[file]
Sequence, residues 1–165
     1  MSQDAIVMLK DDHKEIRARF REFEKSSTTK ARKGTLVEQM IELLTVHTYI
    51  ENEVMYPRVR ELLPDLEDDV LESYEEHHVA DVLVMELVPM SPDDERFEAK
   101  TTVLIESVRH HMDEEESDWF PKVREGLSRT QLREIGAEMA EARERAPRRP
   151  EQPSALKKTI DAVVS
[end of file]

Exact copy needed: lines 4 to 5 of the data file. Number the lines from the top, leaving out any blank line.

   101  TTVLIESVRH HMDEEESDWF PKVREGLSRT QLREIGAEMA EARERAPRRP
   151  EQPSALKKTI DAVVS